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Coming to the Defense of Austrian Society

September 06, 1997

Do I have this right? Peter Sellars, who makes his base in Los Angeles, thinks Salzburg is racist and Gerard Mortier, who lauds California for being "open-minded," agrees ("Leading a Revolt in Mozart Country," Calendar, Sept. 3). I would remind both of them that Austria, in 1993, rejected its so-called "anti-immigrant initiative" by the right-radical populist "Freedom Party" on which I write regularly, while California has subsequently passed Propositions 187 and 209 by large margins.

I know there is racism in Austrian society today, but so is there in California and, I suspect, in most areas of the world today.

The hostility of the Viennese press to Mortier arises substantially from his own to Vienna and its beloved Philharmonic, both of which he considers reactionary. By the way, he also considers most opera companies in the U.S. reactionary.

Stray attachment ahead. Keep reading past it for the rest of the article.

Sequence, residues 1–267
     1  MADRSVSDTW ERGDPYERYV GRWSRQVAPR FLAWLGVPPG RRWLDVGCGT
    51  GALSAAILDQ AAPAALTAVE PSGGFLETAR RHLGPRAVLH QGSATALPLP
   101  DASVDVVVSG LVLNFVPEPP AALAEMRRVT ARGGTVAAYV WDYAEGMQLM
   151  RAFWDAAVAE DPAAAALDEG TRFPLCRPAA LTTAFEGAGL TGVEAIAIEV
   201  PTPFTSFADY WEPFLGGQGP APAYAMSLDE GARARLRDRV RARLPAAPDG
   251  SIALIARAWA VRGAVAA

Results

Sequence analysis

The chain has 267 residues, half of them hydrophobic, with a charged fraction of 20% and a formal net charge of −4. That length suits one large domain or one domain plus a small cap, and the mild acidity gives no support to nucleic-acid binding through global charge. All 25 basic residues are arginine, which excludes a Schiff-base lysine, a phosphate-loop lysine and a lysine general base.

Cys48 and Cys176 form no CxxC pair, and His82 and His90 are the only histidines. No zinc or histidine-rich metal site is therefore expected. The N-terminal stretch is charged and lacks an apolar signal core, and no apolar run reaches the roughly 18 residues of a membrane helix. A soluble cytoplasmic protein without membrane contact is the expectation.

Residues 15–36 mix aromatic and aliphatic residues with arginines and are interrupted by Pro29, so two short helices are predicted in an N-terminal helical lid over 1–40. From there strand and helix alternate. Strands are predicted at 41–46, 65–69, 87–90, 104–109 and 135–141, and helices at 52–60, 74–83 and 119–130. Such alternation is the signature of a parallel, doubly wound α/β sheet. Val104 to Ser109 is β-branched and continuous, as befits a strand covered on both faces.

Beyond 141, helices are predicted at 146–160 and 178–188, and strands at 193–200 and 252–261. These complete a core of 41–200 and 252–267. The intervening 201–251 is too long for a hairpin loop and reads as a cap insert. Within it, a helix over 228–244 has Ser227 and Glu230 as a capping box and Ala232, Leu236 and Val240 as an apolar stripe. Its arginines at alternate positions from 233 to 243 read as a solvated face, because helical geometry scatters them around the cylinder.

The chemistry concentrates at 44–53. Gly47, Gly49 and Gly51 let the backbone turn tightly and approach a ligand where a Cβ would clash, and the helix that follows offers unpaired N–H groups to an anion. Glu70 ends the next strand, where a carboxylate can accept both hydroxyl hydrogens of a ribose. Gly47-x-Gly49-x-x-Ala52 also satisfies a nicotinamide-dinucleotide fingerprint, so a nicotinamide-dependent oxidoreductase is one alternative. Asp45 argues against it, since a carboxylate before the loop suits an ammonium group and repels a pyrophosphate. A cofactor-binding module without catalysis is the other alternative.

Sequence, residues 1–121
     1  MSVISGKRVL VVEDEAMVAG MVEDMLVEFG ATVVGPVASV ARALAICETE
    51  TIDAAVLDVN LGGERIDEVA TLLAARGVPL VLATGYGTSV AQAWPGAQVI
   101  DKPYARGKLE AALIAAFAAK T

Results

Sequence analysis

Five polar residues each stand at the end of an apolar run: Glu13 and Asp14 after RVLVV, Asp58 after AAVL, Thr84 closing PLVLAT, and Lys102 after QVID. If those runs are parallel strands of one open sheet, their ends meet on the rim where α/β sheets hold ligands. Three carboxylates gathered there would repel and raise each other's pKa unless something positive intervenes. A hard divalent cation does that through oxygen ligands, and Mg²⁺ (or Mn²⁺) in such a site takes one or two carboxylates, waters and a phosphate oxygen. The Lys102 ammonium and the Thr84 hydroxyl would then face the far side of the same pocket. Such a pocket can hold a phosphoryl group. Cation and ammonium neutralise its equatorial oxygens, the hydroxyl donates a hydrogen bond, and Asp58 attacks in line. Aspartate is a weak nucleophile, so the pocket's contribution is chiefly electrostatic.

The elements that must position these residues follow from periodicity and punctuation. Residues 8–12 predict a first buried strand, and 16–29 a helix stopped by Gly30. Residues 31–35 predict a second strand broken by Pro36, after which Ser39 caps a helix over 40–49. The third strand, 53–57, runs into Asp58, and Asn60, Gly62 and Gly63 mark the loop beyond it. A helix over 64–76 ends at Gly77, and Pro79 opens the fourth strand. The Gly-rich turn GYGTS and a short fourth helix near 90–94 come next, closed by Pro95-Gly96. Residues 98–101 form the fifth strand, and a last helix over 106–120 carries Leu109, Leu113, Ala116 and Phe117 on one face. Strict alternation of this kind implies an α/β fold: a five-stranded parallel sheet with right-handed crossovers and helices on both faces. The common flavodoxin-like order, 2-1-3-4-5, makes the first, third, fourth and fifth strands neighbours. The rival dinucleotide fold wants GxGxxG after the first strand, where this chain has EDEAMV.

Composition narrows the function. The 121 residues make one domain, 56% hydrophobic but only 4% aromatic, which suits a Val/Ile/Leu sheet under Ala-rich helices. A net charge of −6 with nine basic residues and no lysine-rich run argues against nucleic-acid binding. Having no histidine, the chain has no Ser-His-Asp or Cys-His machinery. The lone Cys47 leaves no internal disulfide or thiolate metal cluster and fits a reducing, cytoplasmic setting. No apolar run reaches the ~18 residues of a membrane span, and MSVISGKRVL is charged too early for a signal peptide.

Classical music and opera are much more mass culture in Austria than in the United States. Press coverage of deviations from the expected norms are thus more comparable to the kind of treatment given by our press, say, to the antics of Dennis Rodman, than to the critiques of the Los Angeles Times or New York Times to the avant-garde productions of Mortier and Sellars. The masses in Austria, just as in the U.S., tend not to like tinkering with what they have known and loved. This may be reactionary from the perspective of Mortier and Sellars, but reaction in this sense does not connote racism.


Department of History

California Polytechnic State University

San Luis Obispo

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